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starting as it must from the surface features of text, builds up a maximally elaborated semantic representation of text on a progressive basis. The semantic representation in the early stages of this process is likely to have a structure fairly close to the surface structure of the text itself. Logical depth will only be created at a later stage (cf. Kintsch, 1998). Bovair and Kieras-style propositional analysis is relatively simple precisely because it uses a very surfacy semantics. This semantics can thus receive some principled justification in that it is more likely than a logically rigorous semantics to approximate the propositional structures in our minds in at least the initial stages of textual processing. The second important issue raised for our groups procedure by attributing some sort of cognitive reality to propositions in general and, on at least some occasions, to metaphorical propositions in particular has to do with the limitations of such an attribution. Even if some forms of cognition do give rise to psychologically real propositional structures, this does not mean that all forms of cognition do so. From a cognitive semantic point of view it is plausible to think that not only are propositions embedded in more basic image schematic structures when they are psychologically realized, but also on many occasions, such as those of everyday bodily action, cognitive processes are directly and exclusively image schematic. The question that then arises is, when metaphors are psychologically realized, does this realization always involve a metaphorical proposition? If metaphorical language is defined as that which provides the basis for the construction of a potential cross-domain mapping, does a commitment to the cognitive reality of propositions entail that on every occasion where such a potential cross-domain mapping is realized, it will be realized via the initial construction of a metaphorical proposition? Or is it the case that some psychologically realized metaphors do not involve metaphorical propositions at all, that their cognitive reality is to be understood solely in terms of image schemas and the cross-domain mapping of these? May some psychologically realized metaphors be completely non-propositional in nature? One class of metaphor of which this may well be true is image metaphor. (For an extended argument that this is so, see Crisp, 1996.) In the following lines from T.E. Hulmes Autumn there seems to be a mapping directly from the image of a farmers red face onto the image of the moons reddish disc low on the horizon in autumn: (4) I walked abroad, And saw the ruddy moon lean over a hedge Like a red-faced farmer. There seems no need to make any appeal to a metaphorical proposition here. If the linguistic simile is realized psychologically by the reader, and it would be disingenuous to suppose in this case that it would not be so, then there is no need to postulate the occurrence of any other cognitive event than that of the construction of an image to image mapping. In this case it seems that no metaphorical proposition is likely to be involved.

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The last few rather speculative paragraphs have been taken up with considering just what kind of psychological reality metaphorical propositions might or might not have when linguistic metaphors are psychologically activated in the mind of a texts producer or receiver(s). It is crucial, however, to remember that our groups procedure is not as such committed to any specific theory about the psychological status of propositions. It attempts only to make available a method of textual metaphor analysis which may be of use to those who are attempting to investigate human reality in its cognitive, or indeed any other, aspects. There is therefore no reason to treat image metaphors any differently from other metaphors in our procedure, even though their relation to propositions may ultimately be different from that of many other metaphors. In the case of image metaphor, at least, I would myself want to leave open the possibility of treating the concept of a metaphorical proposition as a purely heuristic device. Whether image metaphors are ever actually realized psychologically as propositions or not, however, their linguistic expression still always allows for the construction in principle of a metaphorical proposition.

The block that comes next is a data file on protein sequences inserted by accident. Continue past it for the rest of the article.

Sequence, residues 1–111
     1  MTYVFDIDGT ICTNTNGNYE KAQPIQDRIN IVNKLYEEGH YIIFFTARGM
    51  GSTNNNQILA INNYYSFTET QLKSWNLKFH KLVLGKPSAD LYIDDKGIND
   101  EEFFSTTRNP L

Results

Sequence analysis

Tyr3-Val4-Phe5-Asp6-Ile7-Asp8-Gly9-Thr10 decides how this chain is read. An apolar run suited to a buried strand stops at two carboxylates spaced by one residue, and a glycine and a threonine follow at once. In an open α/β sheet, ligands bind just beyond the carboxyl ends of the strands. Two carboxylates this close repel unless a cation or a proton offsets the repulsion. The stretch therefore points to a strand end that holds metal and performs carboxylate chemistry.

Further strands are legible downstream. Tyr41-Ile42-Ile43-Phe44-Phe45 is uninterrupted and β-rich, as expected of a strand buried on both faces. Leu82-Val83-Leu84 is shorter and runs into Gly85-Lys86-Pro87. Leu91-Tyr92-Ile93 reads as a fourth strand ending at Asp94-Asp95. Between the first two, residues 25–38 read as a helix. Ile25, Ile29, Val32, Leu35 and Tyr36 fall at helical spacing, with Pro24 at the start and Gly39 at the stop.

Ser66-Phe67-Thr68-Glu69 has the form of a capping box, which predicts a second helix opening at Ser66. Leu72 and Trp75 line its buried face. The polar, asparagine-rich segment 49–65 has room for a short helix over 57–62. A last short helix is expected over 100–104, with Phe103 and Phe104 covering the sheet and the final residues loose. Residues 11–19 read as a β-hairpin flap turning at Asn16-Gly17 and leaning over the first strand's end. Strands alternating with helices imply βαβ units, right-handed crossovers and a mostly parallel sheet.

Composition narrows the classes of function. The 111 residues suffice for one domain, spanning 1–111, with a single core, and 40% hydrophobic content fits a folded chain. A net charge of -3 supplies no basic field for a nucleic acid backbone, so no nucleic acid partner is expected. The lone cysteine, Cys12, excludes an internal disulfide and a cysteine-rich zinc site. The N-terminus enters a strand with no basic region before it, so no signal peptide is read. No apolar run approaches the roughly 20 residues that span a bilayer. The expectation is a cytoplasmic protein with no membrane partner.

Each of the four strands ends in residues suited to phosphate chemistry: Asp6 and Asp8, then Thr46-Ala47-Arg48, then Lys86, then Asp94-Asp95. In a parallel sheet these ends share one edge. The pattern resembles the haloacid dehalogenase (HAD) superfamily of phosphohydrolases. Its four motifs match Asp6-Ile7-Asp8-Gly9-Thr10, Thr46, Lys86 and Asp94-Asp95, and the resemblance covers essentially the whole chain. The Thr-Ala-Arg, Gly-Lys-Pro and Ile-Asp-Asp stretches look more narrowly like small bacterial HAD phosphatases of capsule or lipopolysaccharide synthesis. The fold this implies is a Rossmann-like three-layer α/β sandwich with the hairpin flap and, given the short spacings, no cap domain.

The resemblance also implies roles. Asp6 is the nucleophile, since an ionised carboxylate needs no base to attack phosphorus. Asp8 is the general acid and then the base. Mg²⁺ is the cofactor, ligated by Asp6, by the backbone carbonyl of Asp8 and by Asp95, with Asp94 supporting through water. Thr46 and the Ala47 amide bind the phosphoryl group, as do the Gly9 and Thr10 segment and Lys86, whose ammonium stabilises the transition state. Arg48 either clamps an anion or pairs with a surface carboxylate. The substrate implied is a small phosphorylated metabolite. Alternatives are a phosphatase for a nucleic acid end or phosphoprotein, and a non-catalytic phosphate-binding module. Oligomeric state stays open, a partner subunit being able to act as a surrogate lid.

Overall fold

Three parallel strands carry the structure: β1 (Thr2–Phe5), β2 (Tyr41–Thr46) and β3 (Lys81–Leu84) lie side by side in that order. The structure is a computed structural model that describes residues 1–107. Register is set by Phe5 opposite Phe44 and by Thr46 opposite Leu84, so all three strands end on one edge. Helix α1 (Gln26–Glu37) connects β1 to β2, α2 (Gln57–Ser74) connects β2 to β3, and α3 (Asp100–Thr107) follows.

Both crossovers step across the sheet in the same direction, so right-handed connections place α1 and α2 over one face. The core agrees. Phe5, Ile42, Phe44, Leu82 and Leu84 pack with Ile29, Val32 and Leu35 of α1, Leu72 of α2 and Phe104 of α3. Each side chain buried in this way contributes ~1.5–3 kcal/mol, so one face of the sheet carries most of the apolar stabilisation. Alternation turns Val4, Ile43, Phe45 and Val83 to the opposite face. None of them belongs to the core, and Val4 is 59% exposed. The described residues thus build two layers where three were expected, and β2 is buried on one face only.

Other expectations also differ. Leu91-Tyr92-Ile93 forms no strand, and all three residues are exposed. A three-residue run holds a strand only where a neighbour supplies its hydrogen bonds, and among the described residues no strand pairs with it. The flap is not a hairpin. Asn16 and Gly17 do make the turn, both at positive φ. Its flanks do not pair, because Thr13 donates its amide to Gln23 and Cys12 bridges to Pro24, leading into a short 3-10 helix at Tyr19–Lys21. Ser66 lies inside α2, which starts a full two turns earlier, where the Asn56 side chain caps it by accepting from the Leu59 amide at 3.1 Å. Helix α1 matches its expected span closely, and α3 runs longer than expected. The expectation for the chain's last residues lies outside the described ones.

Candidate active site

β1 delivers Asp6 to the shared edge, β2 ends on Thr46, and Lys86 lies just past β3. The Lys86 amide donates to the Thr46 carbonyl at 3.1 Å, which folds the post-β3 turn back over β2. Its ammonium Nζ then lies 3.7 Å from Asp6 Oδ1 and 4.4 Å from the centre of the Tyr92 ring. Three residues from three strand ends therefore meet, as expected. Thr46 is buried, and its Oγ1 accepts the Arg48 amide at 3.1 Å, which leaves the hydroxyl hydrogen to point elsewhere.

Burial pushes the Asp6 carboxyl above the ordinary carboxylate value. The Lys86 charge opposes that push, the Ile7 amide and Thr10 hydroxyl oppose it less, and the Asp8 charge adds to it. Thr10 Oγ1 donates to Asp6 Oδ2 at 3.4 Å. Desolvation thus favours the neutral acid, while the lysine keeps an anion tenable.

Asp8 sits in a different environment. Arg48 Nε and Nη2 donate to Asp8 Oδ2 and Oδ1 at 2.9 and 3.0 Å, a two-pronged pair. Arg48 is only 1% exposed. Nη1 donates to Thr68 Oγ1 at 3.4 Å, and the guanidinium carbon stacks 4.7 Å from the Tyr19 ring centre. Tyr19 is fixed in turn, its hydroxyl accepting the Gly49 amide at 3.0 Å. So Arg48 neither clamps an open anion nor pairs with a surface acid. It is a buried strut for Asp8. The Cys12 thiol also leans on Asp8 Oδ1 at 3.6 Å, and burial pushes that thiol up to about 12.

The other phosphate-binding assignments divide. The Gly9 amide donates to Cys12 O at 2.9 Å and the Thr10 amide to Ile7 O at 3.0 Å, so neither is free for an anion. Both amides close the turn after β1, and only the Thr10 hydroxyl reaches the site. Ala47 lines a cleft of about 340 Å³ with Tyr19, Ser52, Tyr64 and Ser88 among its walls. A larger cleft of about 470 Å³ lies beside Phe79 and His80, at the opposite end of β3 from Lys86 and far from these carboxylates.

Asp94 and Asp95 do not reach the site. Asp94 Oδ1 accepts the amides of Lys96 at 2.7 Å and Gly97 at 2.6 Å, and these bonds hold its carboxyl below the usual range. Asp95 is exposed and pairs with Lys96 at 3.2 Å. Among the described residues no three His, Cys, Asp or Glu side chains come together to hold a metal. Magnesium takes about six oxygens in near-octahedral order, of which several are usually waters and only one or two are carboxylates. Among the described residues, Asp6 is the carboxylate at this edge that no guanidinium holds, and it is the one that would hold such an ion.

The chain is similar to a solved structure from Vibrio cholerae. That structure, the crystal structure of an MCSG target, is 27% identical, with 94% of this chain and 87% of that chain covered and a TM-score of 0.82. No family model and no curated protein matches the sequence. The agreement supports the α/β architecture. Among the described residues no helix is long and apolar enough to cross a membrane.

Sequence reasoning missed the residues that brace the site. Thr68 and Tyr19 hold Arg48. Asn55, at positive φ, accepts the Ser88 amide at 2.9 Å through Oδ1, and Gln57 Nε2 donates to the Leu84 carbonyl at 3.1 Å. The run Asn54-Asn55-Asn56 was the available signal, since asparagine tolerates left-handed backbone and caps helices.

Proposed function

3 Conclusion I return finally to the emphasis with which I began. Our groups approach is not a process approach. We do not assume that whenever there is a linguistic metaphor the potential cross-domain mapping it makes available is actualized in the mind of either the producer or the receiver(s). Neither do we assume that when there is such a realization the cross-domain mapping is always realized via the construction of a metaphorical proposition. Nevertheless, our procedure is based upon constructing, or allowing for the construction of, a metaphorical proposition for every linguistic metaphor. Our approach to metaphor analysis is thus a threelevel approach. The first level is that of the surface linguistic expression; the second level is that of the metaphorical proposition; the third level is that of the cross-domain mapping. What is most distinctive about our approach is its use of the intermediate level of the metaphorical proposition. The reasons for our introducing this second intermediate level are both practical and theoretical. From the practical point of view, we have seen, we cannot move directly from language to conceptual mapping. We know far too little about conceptual mappings to be able to integrate them into a practical, empirically oriented, procedure of text analysis. From the theoretical point of view, if one grants that propositions in general have some sort of cognitive reality, even though not all cognition is propositional, then it seems that one should allow for the empirical possibility that propositions have a cognitively real role to play in the psychological realization of at least some metaphors. Although our model does not deal directly with cognitive reality, it is still concerned with it. We hope that it may ultimately be of help in the exploration of cognitive reality.